You can easily see the use for our purposes—especially if you’re involved in Intelligence Preparation of the Community like you should be (read Sam Culper’s book NOW, if you haven’t). There are tools for creating geofences and collecting information within them. For this article, we’ll focus on one specific free service available.

How Can I Get Started Geofencing?

With Echosec, you simply put a location into the map, draw the area you'd like to pull from, and boom...social media data starts rolling in.

 

Echosec is a geofencing service that allows you to choose an area around a point on a map, and search social media posts, images, and other data within that area. You simply put a location into the map, draw the area you’d like to pull from, and boom…social media data starts rolling in. Granted, you’ll get a lot of inane information that has nothing to do with what you’re searching. That’s part of the process—filtering out what you don’t need, and finding the nuggets that you do. Some of the things you can find in a search like this:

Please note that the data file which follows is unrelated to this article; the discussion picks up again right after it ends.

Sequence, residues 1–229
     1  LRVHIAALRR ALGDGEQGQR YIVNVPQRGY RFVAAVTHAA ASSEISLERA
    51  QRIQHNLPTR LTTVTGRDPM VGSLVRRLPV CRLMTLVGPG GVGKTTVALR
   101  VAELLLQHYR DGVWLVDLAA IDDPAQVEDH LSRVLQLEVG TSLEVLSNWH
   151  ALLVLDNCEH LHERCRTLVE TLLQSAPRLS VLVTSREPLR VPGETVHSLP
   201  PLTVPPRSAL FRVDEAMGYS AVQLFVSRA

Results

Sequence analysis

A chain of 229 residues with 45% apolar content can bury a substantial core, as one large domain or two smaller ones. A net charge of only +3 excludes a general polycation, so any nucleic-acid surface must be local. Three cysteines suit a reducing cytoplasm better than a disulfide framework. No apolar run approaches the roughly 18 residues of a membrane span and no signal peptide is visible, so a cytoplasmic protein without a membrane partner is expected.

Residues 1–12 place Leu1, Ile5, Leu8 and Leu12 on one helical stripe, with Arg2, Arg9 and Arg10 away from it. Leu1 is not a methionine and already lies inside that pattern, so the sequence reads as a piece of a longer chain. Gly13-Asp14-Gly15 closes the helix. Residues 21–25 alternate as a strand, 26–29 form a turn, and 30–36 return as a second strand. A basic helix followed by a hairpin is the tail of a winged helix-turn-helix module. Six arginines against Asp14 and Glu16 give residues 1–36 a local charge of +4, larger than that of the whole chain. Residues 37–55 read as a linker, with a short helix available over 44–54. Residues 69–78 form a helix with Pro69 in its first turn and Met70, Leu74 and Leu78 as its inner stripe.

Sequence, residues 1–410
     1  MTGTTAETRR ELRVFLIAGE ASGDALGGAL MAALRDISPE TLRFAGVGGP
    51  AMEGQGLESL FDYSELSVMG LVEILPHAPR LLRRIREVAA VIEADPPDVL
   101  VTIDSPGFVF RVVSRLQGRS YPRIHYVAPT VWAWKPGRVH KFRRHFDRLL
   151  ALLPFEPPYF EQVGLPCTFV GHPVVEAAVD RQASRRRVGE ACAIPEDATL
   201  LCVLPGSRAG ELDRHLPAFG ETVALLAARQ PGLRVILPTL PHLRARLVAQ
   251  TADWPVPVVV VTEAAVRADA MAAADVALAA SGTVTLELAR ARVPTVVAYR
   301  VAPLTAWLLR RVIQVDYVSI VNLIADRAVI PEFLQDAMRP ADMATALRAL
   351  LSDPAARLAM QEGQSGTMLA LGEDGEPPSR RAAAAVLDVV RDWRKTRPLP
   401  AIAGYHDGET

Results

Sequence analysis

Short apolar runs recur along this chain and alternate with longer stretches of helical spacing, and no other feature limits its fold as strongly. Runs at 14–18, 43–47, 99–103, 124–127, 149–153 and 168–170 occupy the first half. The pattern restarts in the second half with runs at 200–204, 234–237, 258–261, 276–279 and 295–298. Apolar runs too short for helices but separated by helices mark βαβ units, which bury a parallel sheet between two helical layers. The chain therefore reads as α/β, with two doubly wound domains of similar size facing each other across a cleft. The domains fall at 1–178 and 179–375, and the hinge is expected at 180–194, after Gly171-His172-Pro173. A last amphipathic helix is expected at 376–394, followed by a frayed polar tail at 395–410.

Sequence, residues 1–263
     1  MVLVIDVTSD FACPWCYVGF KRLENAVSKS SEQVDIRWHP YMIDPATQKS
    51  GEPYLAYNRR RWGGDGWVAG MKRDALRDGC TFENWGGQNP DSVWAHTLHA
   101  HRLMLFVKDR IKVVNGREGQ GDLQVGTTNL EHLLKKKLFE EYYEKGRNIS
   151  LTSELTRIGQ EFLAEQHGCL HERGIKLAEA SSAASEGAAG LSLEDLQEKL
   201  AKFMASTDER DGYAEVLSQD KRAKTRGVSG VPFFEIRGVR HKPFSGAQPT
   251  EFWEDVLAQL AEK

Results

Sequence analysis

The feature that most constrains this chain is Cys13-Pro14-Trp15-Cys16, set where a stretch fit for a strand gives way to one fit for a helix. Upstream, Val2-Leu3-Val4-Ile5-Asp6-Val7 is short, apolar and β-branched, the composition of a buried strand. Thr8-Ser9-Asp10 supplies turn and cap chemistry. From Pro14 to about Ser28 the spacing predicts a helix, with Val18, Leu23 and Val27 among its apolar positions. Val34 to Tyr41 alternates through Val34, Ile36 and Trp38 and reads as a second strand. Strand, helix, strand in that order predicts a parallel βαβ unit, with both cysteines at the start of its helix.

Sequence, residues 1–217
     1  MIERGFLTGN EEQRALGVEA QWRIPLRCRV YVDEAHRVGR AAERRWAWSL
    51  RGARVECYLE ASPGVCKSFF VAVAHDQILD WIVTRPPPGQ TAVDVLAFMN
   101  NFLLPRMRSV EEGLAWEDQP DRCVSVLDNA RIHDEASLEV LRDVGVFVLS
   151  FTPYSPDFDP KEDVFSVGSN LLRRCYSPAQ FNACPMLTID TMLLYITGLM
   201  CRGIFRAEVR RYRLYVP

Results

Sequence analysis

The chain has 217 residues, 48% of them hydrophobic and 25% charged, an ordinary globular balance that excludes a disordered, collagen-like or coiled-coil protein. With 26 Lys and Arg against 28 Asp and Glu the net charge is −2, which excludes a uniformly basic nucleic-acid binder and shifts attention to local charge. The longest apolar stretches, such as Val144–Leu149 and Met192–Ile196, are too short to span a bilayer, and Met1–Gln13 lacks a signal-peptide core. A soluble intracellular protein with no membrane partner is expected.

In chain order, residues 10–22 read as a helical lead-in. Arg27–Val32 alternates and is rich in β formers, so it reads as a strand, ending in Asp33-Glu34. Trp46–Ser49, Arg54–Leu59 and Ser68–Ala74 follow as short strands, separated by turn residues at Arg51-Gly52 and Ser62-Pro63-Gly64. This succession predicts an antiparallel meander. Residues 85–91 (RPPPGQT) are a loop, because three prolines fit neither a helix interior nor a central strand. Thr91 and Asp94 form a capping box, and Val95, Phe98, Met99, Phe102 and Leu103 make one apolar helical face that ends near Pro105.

• Posts from law enforcement and first responders about events in the area, upgrades to equipment, notable arrests and raids
  • Reports of gang activity, often posted by gang members themselves
  • Image intelligence
  • Changes to city ordinances, notices of meetings and political events
  • Information regarding infrastructure changes, additions, or problems
  • Information on illnesses spreading in the area (from people posting about being sick, oddly enough!)
  • You can even get a sense of spreading civil unrest, or general attitudes of various demographics within the area. If you live in an area where there’s recently been a police shooting, for instance, social media posts can give you an idea of how the populace is reacting.

There are a hundred other uses for tools like Echosec; just use your imagination. It’s easy to use, free, and a valuable tool in your arsenal of intelligence collection. (Note: The free version is, understandably, limited. If you choose to upgrade to the Pro version, you’ll have a far bigger field to research within but it’ll cost you $89 per month.) By the way…when you see how many photos of people’s kids, homes, and personal details are easily obtainable by anyone, you might rethink that next Facebook post about your little cherubs.

We’ll be going over this and other tools in an upcoming class. Stay tuned for details!

Have you used Echosec? Do you prefer another geofencing tool? Let us know in the comments!